Posted February 6, 2008

In Memoriam: John Noisette, professor and wheelchair basketball coach

John Noisette, professor and wheelchair basketball coach

John Noisette
Photo courtesy Temple University Libraries/Urban Archives
Former therapeutic recreation Professor John Noisette (right) with a member of Temple’s Rollin’ Owls wheelchair basketball team in the 1980s.

John Noisette may not have been the most famous coach at Temple University, but for his students and colleagues, he was an inspiration. Noisette passed away Dec. 4 at the age of 78 and left behind a powerful legacy of coaching and motivating athletes with disabilities.

While working as a professor of therapeutic recreation in Temple’s Department of Recreation and Leisure Studies, in the former College of Health, Physical Education, Recreation and Dance (HPERD), John Noissette coached the “Rollin’ Owls” wheelchair basketball team from 1984 to 1988, a team founded by Noisette’s former student and current assistant director of Disability Resources and Services Renee Kirby. The team — the first of its kind to be organized at an East Coast university — was ranked No. 1 in the mid-Atlantic wheelchair basketball tournaments from 1985 to 1987, but Noisette’s impact extends far beyond Temple.

“He was a legend,” said John Shank, a former colleague of Noisette’s, and professor and chair of the Therapeutic and Recreation Department at Temple. “What he did here to bring attention to social and recreational needs and interests for athletes with disabilities was pretty remarkable.”


Before coaching the Rollin’ Owls, Noisette coached the Eastern Wheelchair Basketball Conference’s Philadelphia Paranauts and the Bordentown Elks, leading the Elks to two Final Four National Wheelchair Basketball Titles in 1976 and 1977. Noisette also served as the first commissioner for the Mid-Atlantic Conference from 1972 to 1977.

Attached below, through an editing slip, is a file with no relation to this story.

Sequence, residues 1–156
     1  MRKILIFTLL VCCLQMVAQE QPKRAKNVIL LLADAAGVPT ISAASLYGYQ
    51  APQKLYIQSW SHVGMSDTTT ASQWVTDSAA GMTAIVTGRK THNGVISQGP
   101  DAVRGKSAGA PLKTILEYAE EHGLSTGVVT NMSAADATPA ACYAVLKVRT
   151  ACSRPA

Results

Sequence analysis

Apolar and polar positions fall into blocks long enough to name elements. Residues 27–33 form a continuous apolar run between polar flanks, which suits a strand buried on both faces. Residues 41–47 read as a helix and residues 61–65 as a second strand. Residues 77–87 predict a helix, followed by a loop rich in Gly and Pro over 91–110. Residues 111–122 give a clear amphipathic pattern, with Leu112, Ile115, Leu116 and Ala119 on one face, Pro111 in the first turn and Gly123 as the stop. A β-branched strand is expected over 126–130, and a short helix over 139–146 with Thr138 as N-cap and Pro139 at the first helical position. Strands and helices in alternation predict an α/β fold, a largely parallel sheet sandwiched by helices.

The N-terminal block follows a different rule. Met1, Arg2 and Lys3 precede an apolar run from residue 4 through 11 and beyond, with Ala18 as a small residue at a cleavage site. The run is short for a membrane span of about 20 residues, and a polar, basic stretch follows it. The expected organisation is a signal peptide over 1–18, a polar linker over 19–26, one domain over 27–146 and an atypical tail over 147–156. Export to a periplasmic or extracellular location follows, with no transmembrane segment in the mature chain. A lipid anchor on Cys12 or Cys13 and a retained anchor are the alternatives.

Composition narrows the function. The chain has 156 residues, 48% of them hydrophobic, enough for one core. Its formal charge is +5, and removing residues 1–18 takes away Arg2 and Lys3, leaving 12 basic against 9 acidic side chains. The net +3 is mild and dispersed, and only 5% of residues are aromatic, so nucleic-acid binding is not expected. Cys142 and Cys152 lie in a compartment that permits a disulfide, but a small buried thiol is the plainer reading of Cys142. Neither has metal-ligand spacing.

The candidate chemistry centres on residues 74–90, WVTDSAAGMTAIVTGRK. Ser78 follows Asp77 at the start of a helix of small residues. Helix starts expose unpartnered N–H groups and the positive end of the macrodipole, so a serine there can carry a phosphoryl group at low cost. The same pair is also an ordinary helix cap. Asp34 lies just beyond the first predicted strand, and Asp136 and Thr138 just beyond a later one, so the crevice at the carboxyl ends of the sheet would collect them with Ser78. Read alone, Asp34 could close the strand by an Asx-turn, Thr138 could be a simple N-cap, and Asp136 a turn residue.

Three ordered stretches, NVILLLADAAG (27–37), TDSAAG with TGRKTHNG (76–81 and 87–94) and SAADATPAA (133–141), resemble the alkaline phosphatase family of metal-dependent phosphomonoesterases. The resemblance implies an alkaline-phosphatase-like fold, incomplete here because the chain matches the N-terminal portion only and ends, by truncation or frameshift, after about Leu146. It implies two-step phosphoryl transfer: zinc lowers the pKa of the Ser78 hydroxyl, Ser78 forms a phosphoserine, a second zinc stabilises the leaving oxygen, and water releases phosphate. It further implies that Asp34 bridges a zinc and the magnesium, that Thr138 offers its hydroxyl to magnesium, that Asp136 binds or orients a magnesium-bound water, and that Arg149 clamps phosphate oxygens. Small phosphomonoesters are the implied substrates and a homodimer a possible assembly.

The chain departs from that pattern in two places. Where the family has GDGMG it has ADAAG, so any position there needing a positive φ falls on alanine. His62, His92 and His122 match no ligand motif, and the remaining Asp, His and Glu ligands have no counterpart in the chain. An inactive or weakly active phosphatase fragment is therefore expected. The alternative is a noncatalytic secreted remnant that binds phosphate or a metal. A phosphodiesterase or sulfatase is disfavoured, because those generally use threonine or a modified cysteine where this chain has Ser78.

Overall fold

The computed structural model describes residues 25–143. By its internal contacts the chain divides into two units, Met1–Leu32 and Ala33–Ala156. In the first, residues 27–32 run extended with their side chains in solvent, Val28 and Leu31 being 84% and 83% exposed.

At Temple, Noisette emphasized community integration with athletes with disabilities and began arranging recreational activities at Temple’s facilities with group homes throughout Philadelphia, with therapeutic recreation students running the activities known as the TR Lab.

“On Tuesday nights … there would be close to 200 people in attendance, using the pool, bowling alley and gyms at Pearson Hall,” said Shank.

In 1988, Noisette’s final year at Temple, he was inducted into the National Wheelchair Basketball Association’s Hall of Fame and received a citation of recognition from Philadelphia’s then-Mayor Wilson Goode, commending Noisette for his achievements in working with athletes with disabilities.

In 1989, Temple University hosted the Central Collegiate Wheelchair Basketball Tournament for the first time in East Coast history, and although he had already left the university, “it would have never come to Temple without John,” Shank said.

Noisette was known as a quiet man; even the citation from Mayor Goode described him as “modest and unassuming in his professional life.” But underneath that modest exterior was a passion for enabling athletes with disabilities.

Shank said, “What impressed me most [about John] was his ability to encourage athletes with disabilities to believe in themselves and focus on what they could do, rather than what society tells them they can’t.”

— Written by Tom Rice

For the Office of News Communications